Fans of the Nintendo Switch will soon have a surprisingly low-tech way to engage with their favorite games—cardboard. Last week, the gaming giant announced the release of a bunch of super cool DIY cardboard toys that perfectly house the portable gaming console, and change the physical experience of playing.
The initiative, called Nintendo Labo, spurred a 4% jump in Nintendo’s stock on the Tokyo exchange and follows the huge success of the Switch, which has already sold 10 million units.
The shift away from high-tech gadgetry to simple, elegant hands-on building is in line with Nintendo’s history of bucking trends. Users follow step-by-step instructions using pre-cut cardboard sheets and a few simple extras like string and plastic connectors to assemble a tiny piano, an RC car that moves by vibration, a fishing rod, or, wait for it… a wearable robot suit.
Each toy pairs with a customized game—the fishing rod game mimics the sensations of hooking a variety of sea creatures and the robot game uses hand pieces, a backpack, and a headset to transport the wearer into a city-based smash fantasy.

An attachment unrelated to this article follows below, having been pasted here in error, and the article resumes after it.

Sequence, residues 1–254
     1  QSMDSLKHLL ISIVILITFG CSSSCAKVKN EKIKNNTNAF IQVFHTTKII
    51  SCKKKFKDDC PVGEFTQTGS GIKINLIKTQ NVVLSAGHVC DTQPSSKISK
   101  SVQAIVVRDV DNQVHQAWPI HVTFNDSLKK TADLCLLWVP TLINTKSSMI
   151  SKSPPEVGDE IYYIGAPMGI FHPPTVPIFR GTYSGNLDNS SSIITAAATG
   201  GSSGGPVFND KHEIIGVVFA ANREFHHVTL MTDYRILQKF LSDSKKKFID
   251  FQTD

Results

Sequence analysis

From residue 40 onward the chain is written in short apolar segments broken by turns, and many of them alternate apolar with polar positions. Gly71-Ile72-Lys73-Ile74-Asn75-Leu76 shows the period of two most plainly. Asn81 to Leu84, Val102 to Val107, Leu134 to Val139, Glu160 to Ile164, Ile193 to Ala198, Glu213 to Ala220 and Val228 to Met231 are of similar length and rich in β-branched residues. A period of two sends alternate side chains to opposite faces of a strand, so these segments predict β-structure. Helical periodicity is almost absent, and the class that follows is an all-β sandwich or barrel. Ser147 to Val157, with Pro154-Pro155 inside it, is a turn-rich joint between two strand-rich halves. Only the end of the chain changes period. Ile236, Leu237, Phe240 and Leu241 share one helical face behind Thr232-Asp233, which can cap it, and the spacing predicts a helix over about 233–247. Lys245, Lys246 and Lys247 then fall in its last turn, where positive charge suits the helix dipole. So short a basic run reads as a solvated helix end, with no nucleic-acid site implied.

Nintendo Labo launches April 20 in the United States, with pre-ordering now available. Though this is being marketed to kids, we can’t help but see it as something designers might want to play with in order to get some inspiration for interactive products.
Are you going to order one? Tell us on Twitter: @InVisionApp.
Rachel Starnes is the author of The War at Home: A Wife’s Search for Peace (and Other Missions Impossible) (Penguin Books, 2016). She received her MFA in Creative Nonfiction from California State University, Fresno and her BA from the University of Texas. Her essays have appeared in The Colorado Review, Front Porch Journal, and O Magazine. Born in Austin, Texas, she has lived in Scotland, Texas, Saudi Arabia, Florida, California, and Nevada, and is currently at work on a novel. More at <a href="http://rachelstarnes.com/">rachelstarnes.com</a>